The most brain-meltingly sublime cinematic vision of the year comes from an unlikely source, arriving in the middle of Jackie Chan’s latest action movie Skiptrace. Like all unforeseeable miracles it is dreamlike, and one could not possibly make it up if one tried, although several professional minds clearly came together to pull off the sight and sound of 2016: Jackie Chan and an entire Mongolian village sitting by a campfire at night in the great Eurasian Steppes, breaking into a rousing rendition of Adele’s “Rolling in the Deep”—complete with musical accompaniment on traditional instruments (for added authenticity).
Listen closely and you can even hear a bit of Tuvan throat singing in that Adele group cover, one of many cultural nods that idiosyncratically accompany the unrelenting onslaught of pratfalls and dick jokes that also fill 107 minutes of the Asia-set English-language Chan vehicle. It’s a wholly unironic, seemingly unintentional reminder that we’re living in a post-postmodern era of mass entertainment in which one viewer’s world-colliding trash heap is another’s treasure. When else does sometimes-popstar Chan get to flex his singing chops?
Chan isn’t here for your skepticism, either. “Rolling in the Deep,” he assures a bewildered Knoxville as they bond in an enclave of yurts, “is a classic.”
On paper, Skiptrace, directed by Renny Harlin from a screenplay credited to BenDavid Grabinski and Jay Longino, is a buddy comedy-road trip adventure that pairs the 62-year-old Chan with Johnny Knoxville as a cop and a con artist bumbling their way across greater Asia. The concept and colorful location photography probably sounded like catnip to Chan’s fan base (and financiers). They were right: Chinese ticket buyers came out in droves last month to boost it to a $60 million No. 1 opening, and it’s since grossed a reported $133 million so far during an otherwise lethargic box office season in the coveted Chinese marketplace.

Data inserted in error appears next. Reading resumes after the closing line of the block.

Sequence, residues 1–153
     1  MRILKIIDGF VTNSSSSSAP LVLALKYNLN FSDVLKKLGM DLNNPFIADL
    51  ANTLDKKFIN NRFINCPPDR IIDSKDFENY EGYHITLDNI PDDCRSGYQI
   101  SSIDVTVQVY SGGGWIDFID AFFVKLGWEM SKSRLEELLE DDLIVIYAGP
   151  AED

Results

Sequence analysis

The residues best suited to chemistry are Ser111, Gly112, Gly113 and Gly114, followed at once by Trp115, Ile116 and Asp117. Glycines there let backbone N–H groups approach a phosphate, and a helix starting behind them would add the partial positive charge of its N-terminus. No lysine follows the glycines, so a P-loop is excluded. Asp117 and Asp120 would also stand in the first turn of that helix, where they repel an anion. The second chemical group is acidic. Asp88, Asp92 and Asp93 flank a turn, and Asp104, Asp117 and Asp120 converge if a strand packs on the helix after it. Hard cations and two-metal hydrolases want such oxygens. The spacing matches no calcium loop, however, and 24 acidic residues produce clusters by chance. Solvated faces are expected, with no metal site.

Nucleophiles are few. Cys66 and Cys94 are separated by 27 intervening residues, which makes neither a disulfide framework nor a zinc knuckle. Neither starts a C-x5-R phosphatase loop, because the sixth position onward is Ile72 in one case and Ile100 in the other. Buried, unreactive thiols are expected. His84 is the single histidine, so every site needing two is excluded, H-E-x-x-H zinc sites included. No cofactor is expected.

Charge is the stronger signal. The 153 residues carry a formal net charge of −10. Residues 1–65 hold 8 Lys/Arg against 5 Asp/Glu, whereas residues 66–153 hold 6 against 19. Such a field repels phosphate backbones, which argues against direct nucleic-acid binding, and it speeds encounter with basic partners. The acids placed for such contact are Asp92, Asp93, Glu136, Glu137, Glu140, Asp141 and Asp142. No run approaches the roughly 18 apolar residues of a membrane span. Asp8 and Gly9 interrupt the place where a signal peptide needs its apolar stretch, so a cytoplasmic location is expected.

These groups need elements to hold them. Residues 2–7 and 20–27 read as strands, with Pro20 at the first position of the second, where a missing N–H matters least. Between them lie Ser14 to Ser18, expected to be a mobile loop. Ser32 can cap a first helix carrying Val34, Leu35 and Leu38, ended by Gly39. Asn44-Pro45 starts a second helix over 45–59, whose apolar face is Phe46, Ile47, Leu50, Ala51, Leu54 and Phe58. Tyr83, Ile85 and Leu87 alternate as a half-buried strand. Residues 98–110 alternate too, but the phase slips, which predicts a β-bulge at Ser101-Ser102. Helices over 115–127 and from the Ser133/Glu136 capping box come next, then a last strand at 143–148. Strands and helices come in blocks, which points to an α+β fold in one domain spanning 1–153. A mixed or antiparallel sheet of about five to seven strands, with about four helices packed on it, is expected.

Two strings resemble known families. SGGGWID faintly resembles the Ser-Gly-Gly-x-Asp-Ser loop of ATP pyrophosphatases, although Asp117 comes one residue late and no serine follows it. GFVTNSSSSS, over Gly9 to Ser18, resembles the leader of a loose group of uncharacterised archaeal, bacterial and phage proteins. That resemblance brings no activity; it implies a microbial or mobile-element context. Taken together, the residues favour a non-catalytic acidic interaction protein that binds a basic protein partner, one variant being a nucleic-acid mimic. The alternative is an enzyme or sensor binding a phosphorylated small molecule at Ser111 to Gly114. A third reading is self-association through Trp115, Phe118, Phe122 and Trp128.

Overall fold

I’m not going to venture that it was the Adele that sealed the deal for Chinese audiences. They probably came for Chan, China’s greatest living export, and the cast of fellow Asian stars (Fan Bingbing, Eric Tsang, Winston Chao, Yeon Jung-hoon) whose characters exist to build a Hong Kong crime conspiracy plot upon which the rest of the movie’s zany hijinks hang. But that’s what earned it a place in my heart—that and the gaping hole left in a slow year for great movies between an underwhelming summer and the coming Oscar season. That, and the love that Chan’s character Bennie Chan harbors for alpacas—another seemingly random quirk that is so specific, it must come from somewhere deep within the man himself.
There’s an endearingly dorky silliness to the antics Chan and Knoxville get into in Skiptrace, which begins with Chan tortured by the death of his partner years ago at the hands of a mysterious criminal named The Matador. Convinced he knows the identity of The Matador, he infiltrates the waterfront hideout of a bunch of bad guys and blows his cover, triggering a chain reaction collapse of several houses on stilts that fall like dominoes as Chan kicks his way through a dozen nameless villains while wearing sensible dad shoes. Skiptrace is a film that finds delightful PG-13 humor in making Johnny Knoxville eat goat testicles, get hit repeatedly in the groin, and roll down the streets of Russia stuffed inside a filthy garbage can. It is a movie in which Knoxville, who dodged death several times over on Jackass, silently pleads with us to buy him as a smooth-talking American con man while delivering boorish lines like, “I didn’t think you could get pregnant the way we did it!”